Anyone else change their desktop wallpaper 6x a day? I invited some guest artists into the pigment shop this week. A friend told me about Duane Keiser's Painting-A-Day blog. WOW!The master creator of P.A.D.s, Duane Keiser made it with his perfect slice of cucumber. That cucumber got us all thinking. Hmmm...a painting a day. I jumped into the blog pool and then pushed Luis in. Other guest artists have dropped by the shop. This week Peter Yesis told a funny story of his venture into the great outdoors, pleine aire painting. I couldn't resist putting his landscape setup on the desktop. Luis likes drama, entrails and Carravaggio paintings. I find them too dark, and when he's not looking I'll switch them. On Saturdays I'm in the shop alone, so I go to town. With all the Painting-A-Day blogs out there, the options are huge. Paul Hutchinson paints gutsy oils on the other side of the globe on the North Island, New Zealand. He told me his island is so small they only have cows, no sheep. I live on the island of Manna-hatta and have not seen a single cow or sheep outside the Children's Zoo... R. Chunn spent the last 4 years traveling around Latin America. His Morandi-like still lifes are brilliantly colored.He quotes Lucian Freud, "I paint the way I can, not the way I want to". Yesterday, I was trying to clean up the floor - why do I mistake any flat surface for a shelf? I came across an artist's web address from 2001. With Google's help I found Tom Wood, a British artist who now lives in Hong Kong.Do drop in on these artists:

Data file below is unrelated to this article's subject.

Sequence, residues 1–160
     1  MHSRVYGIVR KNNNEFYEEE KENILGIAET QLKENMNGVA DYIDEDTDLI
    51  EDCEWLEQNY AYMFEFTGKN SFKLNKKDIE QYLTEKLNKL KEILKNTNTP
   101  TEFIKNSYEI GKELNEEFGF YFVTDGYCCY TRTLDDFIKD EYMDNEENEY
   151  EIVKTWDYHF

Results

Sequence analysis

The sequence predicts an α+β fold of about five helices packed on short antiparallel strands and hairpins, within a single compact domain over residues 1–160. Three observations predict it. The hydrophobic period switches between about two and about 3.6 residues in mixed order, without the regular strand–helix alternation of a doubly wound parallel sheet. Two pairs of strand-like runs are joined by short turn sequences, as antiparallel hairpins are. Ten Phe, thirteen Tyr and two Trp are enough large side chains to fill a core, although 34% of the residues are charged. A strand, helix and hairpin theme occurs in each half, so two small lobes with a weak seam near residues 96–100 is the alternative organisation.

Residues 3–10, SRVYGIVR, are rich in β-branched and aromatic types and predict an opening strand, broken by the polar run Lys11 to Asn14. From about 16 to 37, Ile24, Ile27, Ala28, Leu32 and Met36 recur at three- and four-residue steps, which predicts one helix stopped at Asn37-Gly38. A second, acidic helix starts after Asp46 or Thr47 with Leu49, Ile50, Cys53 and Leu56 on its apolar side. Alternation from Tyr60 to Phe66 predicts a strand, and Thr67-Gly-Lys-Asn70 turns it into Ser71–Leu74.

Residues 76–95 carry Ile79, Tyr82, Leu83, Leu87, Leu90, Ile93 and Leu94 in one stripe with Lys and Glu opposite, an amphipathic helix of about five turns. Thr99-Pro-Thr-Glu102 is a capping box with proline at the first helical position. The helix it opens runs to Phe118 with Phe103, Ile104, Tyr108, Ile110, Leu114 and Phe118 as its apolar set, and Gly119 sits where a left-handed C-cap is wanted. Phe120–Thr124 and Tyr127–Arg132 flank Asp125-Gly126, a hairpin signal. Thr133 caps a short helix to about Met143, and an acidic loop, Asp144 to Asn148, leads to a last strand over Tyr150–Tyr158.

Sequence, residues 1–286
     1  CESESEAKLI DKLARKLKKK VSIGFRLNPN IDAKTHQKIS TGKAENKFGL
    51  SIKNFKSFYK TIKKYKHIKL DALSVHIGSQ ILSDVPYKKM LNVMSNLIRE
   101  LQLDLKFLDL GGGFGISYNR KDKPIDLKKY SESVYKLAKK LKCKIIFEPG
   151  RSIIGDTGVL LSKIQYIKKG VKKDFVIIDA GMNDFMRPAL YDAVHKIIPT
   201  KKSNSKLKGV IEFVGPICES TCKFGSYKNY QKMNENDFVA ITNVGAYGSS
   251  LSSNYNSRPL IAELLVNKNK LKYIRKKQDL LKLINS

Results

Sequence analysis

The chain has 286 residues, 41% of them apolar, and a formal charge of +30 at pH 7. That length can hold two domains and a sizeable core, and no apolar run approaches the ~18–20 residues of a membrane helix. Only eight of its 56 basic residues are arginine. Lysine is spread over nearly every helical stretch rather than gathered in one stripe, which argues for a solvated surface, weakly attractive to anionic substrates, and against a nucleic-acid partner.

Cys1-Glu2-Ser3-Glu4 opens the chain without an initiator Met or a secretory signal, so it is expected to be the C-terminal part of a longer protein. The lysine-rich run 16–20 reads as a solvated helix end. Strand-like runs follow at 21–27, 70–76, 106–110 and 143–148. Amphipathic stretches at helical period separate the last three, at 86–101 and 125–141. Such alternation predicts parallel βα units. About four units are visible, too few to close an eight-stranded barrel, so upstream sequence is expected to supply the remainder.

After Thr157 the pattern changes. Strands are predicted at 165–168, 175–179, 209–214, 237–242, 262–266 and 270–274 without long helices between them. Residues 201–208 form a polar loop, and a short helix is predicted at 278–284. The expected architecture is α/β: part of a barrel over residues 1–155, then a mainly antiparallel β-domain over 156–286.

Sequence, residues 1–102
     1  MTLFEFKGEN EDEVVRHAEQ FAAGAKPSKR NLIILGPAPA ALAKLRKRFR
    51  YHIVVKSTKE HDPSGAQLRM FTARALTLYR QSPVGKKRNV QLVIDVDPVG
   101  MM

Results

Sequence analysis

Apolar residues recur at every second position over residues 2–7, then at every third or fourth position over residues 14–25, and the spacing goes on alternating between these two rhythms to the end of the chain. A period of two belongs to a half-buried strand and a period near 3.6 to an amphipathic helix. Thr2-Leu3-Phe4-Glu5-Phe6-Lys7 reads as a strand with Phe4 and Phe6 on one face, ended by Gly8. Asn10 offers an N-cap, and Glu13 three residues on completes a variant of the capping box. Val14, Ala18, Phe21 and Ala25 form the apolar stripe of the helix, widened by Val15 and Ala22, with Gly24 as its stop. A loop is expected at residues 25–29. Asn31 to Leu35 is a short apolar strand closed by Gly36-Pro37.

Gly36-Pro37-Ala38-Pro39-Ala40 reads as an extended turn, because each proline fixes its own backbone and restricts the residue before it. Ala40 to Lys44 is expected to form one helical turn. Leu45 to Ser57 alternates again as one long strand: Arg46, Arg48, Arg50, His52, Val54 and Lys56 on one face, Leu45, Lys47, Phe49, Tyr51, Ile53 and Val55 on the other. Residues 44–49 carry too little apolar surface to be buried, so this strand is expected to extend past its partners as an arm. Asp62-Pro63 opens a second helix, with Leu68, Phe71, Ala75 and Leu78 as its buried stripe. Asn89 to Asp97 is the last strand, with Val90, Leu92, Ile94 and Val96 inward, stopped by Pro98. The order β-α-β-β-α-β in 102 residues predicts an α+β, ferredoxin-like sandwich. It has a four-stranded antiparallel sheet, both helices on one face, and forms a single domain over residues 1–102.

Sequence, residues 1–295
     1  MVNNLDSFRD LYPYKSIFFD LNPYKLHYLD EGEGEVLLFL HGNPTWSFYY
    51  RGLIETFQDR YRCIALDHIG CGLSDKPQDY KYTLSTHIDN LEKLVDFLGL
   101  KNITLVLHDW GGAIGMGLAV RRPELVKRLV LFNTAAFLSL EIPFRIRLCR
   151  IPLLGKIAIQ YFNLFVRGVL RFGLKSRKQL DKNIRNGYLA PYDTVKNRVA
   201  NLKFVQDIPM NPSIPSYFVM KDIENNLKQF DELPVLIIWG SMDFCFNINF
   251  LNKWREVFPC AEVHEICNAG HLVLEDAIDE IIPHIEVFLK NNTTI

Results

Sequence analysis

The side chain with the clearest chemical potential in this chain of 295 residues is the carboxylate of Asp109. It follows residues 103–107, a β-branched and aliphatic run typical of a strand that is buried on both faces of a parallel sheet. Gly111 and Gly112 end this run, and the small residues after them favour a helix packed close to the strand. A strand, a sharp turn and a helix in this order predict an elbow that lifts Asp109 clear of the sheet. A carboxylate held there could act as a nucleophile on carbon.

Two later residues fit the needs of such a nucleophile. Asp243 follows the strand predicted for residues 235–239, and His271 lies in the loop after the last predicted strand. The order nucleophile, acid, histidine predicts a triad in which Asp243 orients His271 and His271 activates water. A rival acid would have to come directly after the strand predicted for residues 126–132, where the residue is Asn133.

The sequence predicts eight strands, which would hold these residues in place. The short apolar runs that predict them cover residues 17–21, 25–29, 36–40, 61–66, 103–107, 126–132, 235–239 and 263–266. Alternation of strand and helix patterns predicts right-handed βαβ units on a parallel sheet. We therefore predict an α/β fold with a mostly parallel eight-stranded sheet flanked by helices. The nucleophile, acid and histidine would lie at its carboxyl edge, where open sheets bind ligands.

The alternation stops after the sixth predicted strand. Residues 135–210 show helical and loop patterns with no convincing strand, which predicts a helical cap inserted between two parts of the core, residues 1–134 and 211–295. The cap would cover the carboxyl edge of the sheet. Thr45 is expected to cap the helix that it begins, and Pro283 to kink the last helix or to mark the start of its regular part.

Friday, September 22, 2006

Wine Tasting 102

There's just no way, when you're setting up a wine still life to substitute Crimson red paint for the gorgeous transparency of a glass of red. You've got to use the "real" thing. I had plenty of the "real" thing yesterday at the Great Match Spanish Wine & Tapas tasting. The room was huge, offering 300 wines to taste from 64 dominions of origin. I decided to focus on the Riojas, Spain's flagship wine. There are 3 levels of Rioja. You'll start off with: The CRIANZA - lesser in price and younger, released after 2 years of aging. Next the RESERVA- costing more and aged 3 years. Finally the GRAN RESERVA - the top of the line and most expensive and aged 5-7 years. There's more to learn about these wines and it's preferable NOT to read your clip notes on the subway en route to the tasting...